St. Catherine of Siena Hall 125
Ph.D. - Philosophy University of South Carolina
I have spent approximately 20 years working with undergraduates. More specifically, I have spent most of my time in the community college classroom, preparing students to transfer to four-year institutions. This work has been the greatest professional privilege of my life.
Area(s) of Expertise:
I wrote my dissertation on Kant, with a focus on the concept of critique as a metaphor for transcendental self consciousness. I also spend a considerable amount of time on Plato's Socrates. That said, I do not consider myself an expert on either.
Teaching and learning are, for me, largely interchangeable. As I teach, I learn, and as I learn, I teach. What I mean by this is summed up in a two-word cycle: humility and aspiration. Teaching humbles me, learning makes me ambitious enough to teach, and when I teach, I am once again humbled. This process, crucial personal and professional growth, is what I attempt to share what that means with my students through philosophical study.
Encountering a philosophical thought invariably produces confusion. Socrates’s discussions with the likes of Euthyphro or Meno yield paradigms of the perplexities that often result from the demands of philosophy, particularly where clarifying concepts and following lines of reasoning are the objectives. Through continued philosophical study I’ve learned how to embrace and work through the discomfort of uncertainty. Philosophy is, after all, risky business. Developing that posture has allowed me to “worry” the text until I have satisfied myself with some understanding. I try to develop this process with class members, most commonly by sharing my own struggles to “do” philosophy.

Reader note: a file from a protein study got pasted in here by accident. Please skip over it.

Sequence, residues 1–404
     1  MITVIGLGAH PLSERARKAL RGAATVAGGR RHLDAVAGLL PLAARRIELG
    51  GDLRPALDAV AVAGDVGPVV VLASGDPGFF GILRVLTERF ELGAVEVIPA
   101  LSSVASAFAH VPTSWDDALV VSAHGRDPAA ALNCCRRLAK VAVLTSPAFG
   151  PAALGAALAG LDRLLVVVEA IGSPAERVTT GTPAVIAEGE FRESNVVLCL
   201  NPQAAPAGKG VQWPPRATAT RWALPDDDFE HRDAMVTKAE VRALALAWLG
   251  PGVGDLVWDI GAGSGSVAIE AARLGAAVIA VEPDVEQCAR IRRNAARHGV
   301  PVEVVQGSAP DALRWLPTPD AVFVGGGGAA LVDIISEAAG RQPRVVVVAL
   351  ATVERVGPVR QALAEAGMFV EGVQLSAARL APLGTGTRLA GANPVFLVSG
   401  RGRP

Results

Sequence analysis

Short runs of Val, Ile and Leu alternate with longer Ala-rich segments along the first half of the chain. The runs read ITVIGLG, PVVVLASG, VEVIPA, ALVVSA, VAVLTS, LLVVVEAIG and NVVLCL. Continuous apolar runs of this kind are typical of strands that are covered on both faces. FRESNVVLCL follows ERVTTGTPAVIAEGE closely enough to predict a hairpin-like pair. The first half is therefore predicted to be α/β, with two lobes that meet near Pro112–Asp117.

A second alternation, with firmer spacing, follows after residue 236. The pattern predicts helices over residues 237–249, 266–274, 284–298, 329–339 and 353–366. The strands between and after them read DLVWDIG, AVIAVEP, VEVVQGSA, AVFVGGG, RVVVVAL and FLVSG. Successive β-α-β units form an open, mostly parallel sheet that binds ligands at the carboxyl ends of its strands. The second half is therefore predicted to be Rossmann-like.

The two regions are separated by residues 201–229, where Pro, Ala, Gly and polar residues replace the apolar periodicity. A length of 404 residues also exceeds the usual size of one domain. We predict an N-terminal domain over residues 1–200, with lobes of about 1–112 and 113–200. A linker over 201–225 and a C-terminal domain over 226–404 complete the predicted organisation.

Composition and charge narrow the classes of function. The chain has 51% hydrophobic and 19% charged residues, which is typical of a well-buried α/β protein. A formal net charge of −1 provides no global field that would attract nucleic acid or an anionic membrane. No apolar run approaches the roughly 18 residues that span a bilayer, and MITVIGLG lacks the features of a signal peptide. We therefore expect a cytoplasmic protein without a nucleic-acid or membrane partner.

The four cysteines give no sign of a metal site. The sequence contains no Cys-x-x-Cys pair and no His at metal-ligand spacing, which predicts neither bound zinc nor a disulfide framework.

More broadly, I am not shy about sharing my enthusiasm for the excitement of discovery, the appreciation for myriad intellectual guides, and the responsibility to develop the skills to think for oneself.
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